There once was an old woman who, every single day, would walk down to the river with two buckets attached to a long pole over her shoulders. One of the buckets was brand new, without a flaw, and the other one was very old with a large crack in it. Each time the woman returned home from her long walk with heavy buckets, the bucket with the crack in it was only half full of water.
This went on for many years, until finally the old bucket asked the woman why she still used him. “You work so hard every single day to carry water home, and each time I am only half full. I feel so inadequate and useless. Why don’t you just throw me out and get a new bucket?”
The old woman told the bucket to look at the path they walk each day. “You’ll notice one side of the path is bare and empty, and the other side is filled with beautiful flowers. I knew of your flaw, so purposely planted seeds on your side of the path, so that each time we walked home, the seeds would be watered. Without the crack in your side we would not have these beautiful flowers.” (Ancient Buddhist Story)
My teacher, Sharon Gannon, often says that magic happens when there is a shift in perception. That if we could just view the world in a slightly different way, magical things will happen. That if we can view buckets with cracks in them with potential, rather than garbage, flowers will grow.
In Patanjali’s Yoga Sutra chapter 2, verse 33, he says
vitarka bādhane pratipakṣa bhāvanam
When disturbed by disturbing thoughts, think the opposite. Not such an easy thing to do. It takes practice (abhyāsa) and time. This doesn’t mean that if you are sad you should force yourself to be happy, but when you take the time to pause for a moment before reacting, to view a different side of a situation, you might find that there is always a little bit of magic.
First…Thank you Radiohead for your entire catalogue of music, and for the title of this blog post 😀
I have a slight addiction to working on jigsaw puzzles. Really CHALLENGING jigsaw puzzles – usually about 3000 pieces, but they have to be minimum 1500. Working on jigsaw puzzles allows my brain to work in a different, meditative, and creative way. I often come up with dharma talks or sequencing while puzzling! The one I finished this morning was 2000 pieces, but is of Monet’s Garden (pictured below), so it might as well have been 5000 pieces. Side note – Barnes & Noble carries a 5000 piece Ravensburger, my favorite brand (yes I have a favorite brand of puzzle), but it is like $85. I am obsessed, but not crazy – I refuse to spend this on a puzzle!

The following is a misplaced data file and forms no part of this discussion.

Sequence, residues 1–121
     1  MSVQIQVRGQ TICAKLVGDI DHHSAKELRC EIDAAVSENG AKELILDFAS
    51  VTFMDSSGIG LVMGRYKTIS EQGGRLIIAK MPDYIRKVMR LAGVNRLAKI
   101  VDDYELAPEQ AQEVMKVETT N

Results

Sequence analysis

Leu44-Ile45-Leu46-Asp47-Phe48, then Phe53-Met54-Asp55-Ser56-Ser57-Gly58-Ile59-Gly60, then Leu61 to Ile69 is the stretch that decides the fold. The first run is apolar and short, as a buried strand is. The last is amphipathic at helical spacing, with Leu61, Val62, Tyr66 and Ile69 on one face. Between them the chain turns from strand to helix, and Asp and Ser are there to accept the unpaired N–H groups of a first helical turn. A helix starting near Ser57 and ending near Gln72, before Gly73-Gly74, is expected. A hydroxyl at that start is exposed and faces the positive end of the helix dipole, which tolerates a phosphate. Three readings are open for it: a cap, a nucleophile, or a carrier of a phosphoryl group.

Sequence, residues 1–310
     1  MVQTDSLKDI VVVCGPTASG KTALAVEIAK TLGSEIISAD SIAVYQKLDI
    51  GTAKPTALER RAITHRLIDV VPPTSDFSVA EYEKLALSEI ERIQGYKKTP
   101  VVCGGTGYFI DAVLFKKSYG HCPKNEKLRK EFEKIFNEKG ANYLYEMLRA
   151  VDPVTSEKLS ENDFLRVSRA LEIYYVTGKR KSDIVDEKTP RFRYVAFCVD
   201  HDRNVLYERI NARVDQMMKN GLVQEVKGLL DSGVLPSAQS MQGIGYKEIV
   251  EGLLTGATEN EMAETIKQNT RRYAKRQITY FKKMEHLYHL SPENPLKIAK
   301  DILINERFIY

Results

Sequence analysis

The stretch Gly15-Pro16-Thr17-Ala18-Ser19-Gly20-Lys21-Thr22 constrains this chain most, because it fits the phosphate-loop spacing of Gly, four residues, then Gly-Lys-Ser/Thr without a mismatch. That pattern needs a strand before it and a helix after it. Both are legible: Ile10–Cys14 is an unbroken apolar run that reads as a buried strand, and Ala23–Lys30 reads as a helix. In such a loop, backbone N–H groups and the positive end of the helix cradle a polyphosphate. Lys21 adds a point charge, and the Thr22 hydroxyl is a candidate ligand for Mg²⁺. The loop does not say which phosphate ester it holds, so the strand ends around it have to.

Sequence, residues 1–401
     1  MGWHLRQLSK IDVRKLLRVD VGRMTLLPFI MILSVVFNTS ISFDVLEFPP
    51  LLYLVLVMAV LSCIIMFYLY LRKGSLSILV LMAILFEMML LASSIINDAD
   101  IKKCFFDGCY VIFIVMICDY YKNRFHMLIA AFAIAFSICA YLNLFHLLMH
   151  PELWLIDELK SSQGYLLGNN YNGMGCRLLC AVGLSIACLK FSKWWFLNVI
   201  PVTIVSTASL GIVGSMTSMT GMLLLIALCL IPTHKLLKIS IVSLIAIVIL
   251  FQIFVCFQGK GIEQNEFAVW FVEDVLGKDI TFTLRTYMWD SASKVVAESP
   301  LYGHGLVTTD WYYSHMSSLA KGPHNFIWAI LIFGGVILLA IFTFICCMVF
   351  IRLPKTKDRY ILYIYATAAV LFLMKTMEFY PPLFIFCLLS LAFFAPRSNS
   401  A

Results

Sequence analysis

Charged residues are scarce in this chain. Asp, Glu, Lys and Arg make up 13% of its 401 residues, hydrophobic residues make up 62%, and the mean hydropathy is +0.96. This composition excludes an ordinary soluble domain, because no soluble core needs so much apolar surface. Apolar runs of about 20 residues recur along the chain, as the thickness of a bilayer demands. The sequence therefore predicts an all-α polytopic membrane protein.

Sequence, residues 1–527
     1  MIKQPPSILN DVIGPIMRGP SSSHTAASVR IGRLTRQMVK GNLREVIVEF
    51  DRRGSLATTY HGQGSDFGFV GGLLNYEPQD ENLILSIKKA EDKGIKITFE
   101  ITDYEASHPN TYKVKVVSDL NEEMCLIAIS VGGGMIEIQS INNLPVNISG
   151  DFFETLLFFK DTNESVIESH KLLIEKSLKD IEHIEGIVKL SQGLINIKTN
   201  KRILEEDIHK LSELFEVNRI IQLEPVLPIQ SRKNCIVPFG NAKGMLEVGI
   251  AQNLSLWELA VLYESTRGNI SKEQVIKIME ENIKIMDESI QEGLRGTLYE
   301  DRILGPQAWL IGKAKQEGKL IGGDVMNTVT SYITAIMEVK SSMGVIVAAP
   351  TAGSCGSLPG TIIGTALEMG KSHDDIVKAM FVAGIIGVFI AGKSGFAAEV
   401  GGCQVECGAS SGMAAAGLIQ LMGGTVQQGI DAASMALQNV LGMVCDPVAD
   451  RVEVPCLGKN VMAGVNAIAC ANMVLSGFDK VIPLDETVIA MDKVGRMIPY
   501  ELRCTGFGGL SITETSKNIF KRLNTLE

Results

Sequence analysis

When I am working on a puzzle, and have been looking for a specific piece for a long time without success, I’ll start looking for something completely different. And then, all of a sudden I find what I was looking for in the first place, and it is usually, literally, right under my nose. Or, if I have been sitting in front of it for a while without finding any piece at all, I walk away and do something else. Then when I come back, I often find about 20 pieces immediately.
One of my teachers, Ruth, says that one of the results of a yoga practice is that your vision changes, and when you look at anything you are able to see the whole picture – the past, the present, and the future. You are able to see where things have come from and where they are going.
In our āsana practice, over time, you might realize that the poses we come into all link to each other, just like a puzzle, or that they strategically build up to a more challenging pose later on, the bigger picture. Or maybe you one day realize that all of the poses are exactly the same, just take on a different form! (The truly bigger picture!)
When you are faced with a challenging situation in your life, whether it is personal, or with another person, or more national or global, you may start to see how all of the actions, or karmas, you have taken so far have led up to this point, and how whatever you are about to put into the word as a reaction to this situation will lead to other future karmas. So how you act will affect not only you, and the immediate person/situation in front of you, but the greater world as well. Maybe if you start to look at the situation from a different perspective, from the other person’s point of view, or walk away for a bit and come back, you’ll get what you wanted in the first place, and all of the puzzle pieces fall into place…
Maybe your vision expands so much that, as Ruth says, when you are in the grocery store and you see the non-biodegradable plastic bags that are there for you to put fruit and vegetables in, you can see that they end up buried in the Earth, or in our oceans, and that this causes the Earth and oceans to become sick, and then all of the living begins on the planet become sick. Or when you look at paper plates, cups, napkins, etc., you can picture the trees they came from, and how when we cut down all those trees, it leads to global warming, because there are less trees to take in the carbon dioxide we are emitting, which they then turn back into oxygen, for us to breath, and also to go back into the atmosphere creating rain, which in turn allows everything to grow again. A lovely mandala of life.
The mysteries of the universe often feel like one big jigsaw puzzle, but if we pause for a moment and take it piece by piece, and in the process set an example for others to follow, then slowly, maybe over many lifetimes, the jigsaw will fall into place.